Using postfix to send mail via 1and1 or other authenticated SMTP

We recently wanted to set up postfix on web servers so that it could send messages generated by the website code. We’re using 1and1’s hosted email, and wanted to send the email from a user whose mailbox was hosted with 1and1, rather than relaying the email through 1and1’s mail servers. For us, this has the advantage of having our mailboxes hosted and managed by 1and1, and having a local postfix queue on each web server which will hold onto the mail if there’s a problem at 1and1.

Background over, here’s how we configured postfix on Debian 5 (lenny).

Install prerequisites

This bit’s important. Postfix will quietly fail to authenticate with the 1and1 servers with an extremely un-descriptive warning in /var/log/mail.log. Install these unless you want to spend loads of time trying to puzzle out what’s gone wrong!

sudo apt-get install postfix sasl2-bin libsasl2-2 libsasl2-modules

Configure postfix

Postfix configuration happens in /etc/postfix/ Essentially, any parameter starting smtp_ relates to postfix sending email. Any starting smtpd_ relates to it receiving mail for sending on. For this exercise we want to disable the receipt of mail (apart from over the loopback interface).

The sections below show you why to make changes, and the attached main.txt, which you should rename to, shows the finished file.

Error Notices

These notices will email when something goes wrong

delay_warning_time = 2h
bounce_notice_recipient =
delay_notice_recipient =
error_notice_recipient =

Only allow mail to be sent, not received

We only want to send mail from our mail servers, we don’t want to receive it. Here’s how:

myhostname =
alias_maps = hash:/etc/aliases
alias_database = hash:/etc/aliases
mydomain =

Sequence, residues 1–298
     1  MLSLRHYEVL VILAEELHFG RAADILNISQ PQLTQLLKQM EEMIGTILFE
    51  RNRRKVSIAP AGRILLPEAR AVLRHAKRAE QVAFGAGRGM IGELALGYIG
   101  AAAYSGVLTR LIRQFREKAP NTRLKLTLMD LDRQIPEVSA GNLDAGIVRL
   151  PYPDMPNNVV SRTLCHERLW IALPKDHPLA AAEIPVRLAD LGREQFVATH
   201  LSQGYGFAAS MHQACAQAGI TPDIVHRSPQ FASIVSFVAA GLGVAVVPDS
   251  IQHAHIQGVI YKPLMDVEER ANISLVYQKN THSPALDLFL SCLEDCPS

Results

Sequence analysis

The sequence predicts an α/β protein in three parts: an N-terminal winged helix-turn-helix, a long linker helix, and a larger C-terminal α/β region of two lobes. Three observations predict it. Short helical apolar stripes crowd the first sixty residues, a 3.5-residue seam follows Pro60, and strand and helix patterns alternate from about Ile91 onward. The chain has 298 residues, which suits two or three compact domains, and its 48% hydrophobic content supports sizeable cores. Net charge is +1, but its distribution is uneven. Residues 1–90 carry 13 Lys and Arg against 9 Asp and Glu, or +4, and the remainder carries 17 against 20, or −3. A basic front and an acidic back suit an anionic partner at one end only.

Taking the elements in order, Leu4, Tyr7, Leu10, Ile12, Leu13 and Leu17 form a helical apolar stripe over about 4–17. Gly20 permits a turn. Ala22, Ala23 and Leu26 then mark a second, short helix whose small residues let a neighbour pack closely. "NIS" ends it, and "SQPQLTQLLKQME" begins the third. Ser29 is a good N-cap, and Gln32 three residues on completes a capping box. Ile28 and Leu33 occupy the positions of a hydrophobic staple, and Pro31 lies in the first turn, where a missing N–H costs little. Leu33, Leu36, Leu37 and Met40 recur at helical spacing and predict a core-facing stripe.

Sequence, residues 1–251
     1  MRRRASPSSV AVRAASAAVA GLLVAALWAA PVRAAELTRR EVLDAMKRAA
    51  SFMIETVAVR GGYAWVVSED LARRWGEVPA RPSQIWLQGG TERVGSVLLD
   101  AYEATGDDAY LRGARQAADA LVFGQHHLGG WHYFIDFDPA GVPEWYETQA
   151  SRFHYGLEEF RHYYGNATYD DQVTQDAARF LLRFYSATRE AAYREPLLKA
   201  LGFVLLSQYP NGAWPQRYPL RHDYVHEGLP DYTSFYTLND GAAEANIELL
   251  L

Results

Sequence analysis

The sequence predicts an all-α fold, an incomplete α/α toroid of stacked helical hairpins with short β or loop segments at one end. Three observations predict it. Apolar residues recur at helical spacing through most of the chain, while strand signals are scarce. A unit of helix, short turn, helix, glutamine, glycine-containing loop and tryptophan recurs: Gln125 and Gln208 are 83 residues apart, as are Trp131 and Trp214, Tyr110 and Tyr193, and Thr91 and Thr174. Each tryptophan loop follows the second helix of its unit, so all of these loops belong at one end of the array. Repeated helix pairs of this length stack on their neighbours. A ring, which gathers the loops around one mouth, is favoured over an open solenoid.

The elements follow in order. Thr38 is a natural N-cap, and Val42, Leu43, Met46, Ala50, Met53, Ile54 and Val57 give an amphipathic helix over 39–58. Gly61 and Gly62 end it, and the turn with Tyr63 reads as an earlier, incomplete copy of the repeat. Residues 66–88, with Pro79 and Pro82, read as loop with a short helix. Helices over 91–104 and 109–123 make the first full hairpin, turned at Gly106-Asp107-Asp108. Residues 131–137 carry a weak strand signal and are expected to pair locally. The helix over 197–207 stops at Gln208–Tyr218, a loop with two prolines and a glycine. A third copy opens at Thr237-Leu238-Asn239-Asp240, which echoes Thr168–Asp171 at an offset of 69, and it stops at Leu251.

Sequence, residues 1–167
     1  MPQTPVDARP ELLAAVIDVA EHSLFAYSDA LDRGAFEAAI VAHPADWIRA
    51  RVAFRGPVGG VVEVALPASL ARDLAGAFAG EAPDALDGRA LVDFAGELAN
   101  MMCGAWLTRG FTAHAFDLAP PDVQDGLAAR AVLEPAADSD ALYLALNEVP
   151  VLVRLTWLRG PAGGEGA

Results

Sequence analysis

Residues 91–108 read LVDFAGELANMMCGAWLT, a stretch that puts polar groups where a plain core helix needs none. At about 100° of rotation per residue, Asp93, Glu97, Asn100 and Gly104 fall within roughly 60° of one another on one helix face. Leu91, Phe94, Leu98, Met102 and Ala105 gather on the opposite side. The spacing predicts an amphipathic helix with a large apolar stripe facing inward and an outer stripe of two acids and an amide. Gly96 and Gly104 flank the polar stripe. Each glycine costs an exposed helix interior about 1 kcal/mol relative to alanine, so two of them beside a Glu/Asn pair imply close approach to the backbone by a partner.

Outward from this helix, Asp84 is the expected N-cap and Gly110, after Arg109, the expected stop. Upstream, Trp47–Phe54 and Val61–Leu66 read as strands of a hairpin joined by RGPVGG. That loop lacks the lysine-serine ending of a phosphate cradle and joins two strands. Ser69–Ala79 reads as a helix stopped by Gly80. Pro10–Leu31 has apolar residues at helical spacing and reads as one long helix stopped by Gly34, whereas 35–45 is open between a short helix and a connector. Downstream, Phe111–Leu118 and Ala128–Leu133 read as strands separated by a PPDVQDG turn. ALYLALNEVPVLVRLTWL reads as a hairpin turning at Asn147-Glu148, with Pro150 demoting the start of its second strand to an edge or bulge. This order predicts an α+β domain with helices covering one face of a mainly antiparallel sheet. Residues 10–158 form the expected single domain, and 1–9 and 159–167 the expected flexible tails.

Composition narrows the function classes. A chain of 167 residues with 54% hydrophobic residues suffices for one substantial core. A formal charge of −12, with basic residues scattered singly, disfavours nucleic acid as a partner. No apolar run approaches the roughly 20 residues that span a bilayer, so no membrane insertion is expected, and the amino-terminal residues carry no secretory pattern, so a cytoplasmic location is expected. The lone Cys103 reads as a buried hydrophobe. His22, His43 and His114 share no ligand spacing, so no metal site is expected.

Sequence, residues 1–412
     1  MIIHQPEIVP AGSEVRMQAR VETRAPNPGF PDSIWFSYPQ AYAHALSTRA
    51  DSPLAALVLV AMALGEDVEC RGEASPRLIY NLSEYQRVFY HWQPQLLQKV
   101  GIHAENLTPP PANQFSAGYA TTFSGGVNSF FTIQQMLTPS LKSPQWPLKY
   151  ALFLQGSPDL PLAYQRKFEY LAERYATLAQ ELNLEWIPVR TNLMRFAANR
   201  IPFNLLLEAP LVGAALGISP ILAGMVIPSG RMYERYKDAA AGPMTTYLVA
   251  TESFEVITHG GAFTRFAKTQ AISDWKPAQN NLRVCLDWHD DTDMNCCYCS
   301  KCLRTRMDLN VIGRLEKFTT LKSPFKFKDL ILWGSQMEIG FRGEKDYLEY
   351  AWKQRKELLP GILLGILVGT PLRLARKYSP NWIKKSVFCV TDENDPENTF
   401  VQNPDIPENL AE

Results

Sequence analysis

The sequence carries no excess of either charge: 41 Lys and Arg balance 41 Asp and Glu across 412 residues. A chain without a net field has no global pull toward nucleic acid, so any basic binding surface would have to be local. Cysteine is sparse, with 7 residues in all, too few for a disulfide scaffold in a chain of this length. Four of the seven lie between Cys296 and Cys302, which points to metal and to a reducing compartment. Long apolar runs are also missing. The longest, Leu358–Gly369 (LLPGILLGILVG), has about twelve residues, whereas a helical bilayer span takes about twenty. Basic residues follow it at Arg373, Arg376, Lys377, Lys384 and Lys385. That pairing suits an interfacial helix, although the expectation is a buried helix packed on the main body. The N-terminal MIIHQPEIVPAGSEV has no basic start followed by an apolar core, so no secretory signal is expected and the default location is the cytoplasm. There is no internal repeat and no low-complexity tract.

myorigin =
mydestination =
mynetworks = [::ffff:]/104 [::1]/128
mailbox_size_limit = 0
recipient_delimiter = +
inet_interfaces =
inet_protocols = ipv4


These lines enable SSL and set up the config:

smtp_tls_session_cache_database = btree:${data_directory}/smtp_scache
smtp_sasl_tls_security_options = noanonymous
tls_random_source = dev:/dev/urandom


Finally, we want to log in to 1and1’s servers to send the email. Here’s the configuration settings:

smtp_sasl_auth_enable = yes
smtp_sasl_security_options = noanonymous

Creating the password file

The “smtp_sasl_password_maps” configuration option above sets a file which will contain the username & password used to log on to 1and1. To do this, first of all, we create the file:

sudo su
echo '' > /etc/postfix/sasl_passwd
chown root.root /etc/postfix/sasl_passwd
chmod 600 /etc/postfix/sasl_passwd
vim /etc/postfix/sasl_passwd

Now we need to put the username & password in there. It’s of the form:


The email address ( should be of one of your mailboxes, and the password of that mailbox too. Once you have authenticated, you do not need to use the same email address to send from.

You should then save the file, and encrypt it as follows:

sudo postmap sasl_passwd

And then check:

sudo postfix check

And restart postfix:

sudo /etc/init.d/postfix restart

Testing postfix

To test postfix is working, try:

echo "Subject: Test"| sendmail -f -v

And then:

sudo tail -f /var/log/mail.log

to check that the email has been sent ok.


If you ever have trouble with postfix, edit /etc/postfix/ and change the line:

smtp      unix  -       -       -       -       -       smtp


smtp      unix  -       -       -       -       -       smtp -v

And restart postfix.

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